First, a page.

THE UK economy has avoided a triple-dip recession, but recovery is proving elusive. GDP is still 2.6 per cent below its pre-crisis peak and only 0.4 per cent greater than in the third quarter of 2011. Some sectors remain very depressed – most obviously construction, where output is 18 per cent down from its peak. Further policy stimulus, consistent with the aim of eliminating Britain’s deficit, seems highly desirable.
Our current experience contrasts starkly with the 1930s, when Britain recovered impressively from a double-dip recession which ended in 1932. The country recorded growth of over 4 per cent in each year from 1933 to 1936, with rearmament only having its effect in the later 1930s. Policy stimulus did play a part, but success was mostly due to the so-called “cheap money policy” – the 1930s’ equivalent of Japan’s “Abenomics”. It drastically reduced real interest rates and increased the money supply by about a third over these years.
The main monetary transmission mechanism worked through house-building, in this era of the “1930s’ semi”. The number of houses built anually by the private sector rose from 133,000 in 1931-2 to 293,000 in 1934-5, and to 279,000 in 1935-6. The construction of these houses contributed (both directly and indirectly) to about a third of the increase in GDP between 1932 and 1934.
Why was house-building so responsive to “cheap money” in the 1930s? Two factors stand out. First, the supply of mortgage finance grew rapidly and became more affordable. Building society mortgage debt rose from £316m with 720,000 borrowers in 1930, to £636m with 1.39m borrowers in 1937, when about 18 per cent of non-agricultural working-class households were buying or owned their own homes. Deposits fell and repayment periods were extended, thereby reducing weekly outgoings by 15 per cent.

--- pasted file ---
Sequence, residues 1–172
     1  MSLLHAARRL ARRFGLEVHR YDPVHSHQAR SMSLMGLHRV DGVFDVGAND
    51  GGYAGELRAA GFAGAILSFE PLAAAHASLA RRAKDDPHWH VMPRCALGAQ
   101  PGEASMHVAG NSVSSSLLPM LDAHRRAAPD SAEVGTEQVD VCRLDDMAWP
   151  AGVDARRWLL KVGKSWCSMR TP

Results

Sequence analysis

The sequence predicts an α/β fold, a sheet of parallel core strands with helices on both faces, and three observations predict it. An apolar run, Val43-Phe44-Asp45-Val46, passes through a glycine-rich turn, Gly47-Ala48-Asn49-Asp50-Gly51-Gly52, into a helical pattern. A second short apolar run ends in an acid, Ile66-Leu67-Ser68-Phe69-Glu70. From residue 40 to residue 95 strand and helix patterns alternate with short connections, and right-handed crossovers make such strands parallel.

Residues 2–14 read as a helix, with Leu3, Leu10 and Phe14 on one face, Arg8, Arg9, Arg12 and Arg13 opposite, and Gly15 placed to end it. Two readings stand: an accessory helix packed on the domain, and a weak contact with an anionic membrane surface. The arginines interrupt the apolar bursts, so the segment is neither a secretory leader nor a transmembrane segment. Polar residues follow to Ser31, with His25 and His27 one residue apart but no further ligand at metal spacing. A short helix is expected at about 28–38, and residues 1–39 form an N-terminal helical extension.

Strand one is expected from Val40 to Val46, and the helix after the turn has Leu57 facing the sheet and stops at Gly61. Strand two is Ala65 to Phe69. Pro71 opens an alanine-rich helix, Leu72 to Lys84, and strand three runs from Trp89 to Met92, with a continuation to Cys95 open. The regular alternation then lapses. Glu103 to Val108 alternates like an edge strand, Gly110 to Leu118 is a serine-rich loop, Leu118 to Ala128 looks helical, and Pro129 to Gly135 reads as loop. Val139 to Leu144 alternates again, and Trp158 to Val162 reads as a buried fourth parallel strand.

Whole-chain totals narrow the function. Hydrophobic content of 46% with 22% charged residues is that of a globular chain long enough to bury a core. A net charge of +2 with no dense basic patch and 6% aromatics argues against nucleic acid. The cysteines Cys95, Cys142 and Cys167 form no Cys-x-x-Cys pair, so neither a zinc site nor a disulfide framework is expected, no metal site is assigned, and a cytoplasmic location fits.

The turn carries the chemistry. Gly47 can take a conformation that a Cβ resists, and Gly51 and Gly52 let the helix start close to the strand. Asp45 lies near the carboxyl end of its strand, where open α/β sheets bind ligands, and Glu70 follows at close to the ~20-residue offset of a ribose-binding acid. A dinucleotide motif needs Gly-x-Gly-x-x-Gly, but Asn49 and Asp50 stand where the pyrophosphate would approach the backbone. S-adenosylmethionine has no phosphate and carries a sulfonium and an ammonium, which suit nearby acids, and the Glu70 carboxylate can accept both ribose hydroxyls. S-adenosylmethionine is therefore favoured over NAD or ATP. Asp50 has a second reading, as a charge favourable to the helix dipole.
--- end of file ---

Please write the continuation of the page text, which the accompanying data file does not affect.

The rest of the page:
Secondly, houses were cheap. A massive 85 per cent of new houses sold for less than £750 (£45,000 today). Terraced houses in London could be bought for £395 in the mid-1930s, when average earnings were about £165 per year. At a time when there was an almost complete absence of land-use planning restrictions, the supply of land for housing was very elastic, and there was no incentive for developers to sit on large land banks.
Could we repeat the 1930s’ experience today? Clearly, it would be difficult since both mortgage availability and planning rules are very different. With more liberal planning rules, the equilibrium housing stock might increase by 2m. Building these houses over a decade would help construction, add about 2 per cent to GDP each year, make houses more affordable, and address a real social need.
A house building-led recovery, stimulated by de-regulation rather than fiscal largesse, seems attractive to many economists. Unfortunately, the politics looks very different. Unless a way can be devised to achieve a major liberalisation of land-use planning, without losing swathes of votes in the South-East, this is a non-runner. “Cheap money” today would raise house prices rather than the construction of houses.
Nicholas Crafts is professor of economic history at the University of Warwick.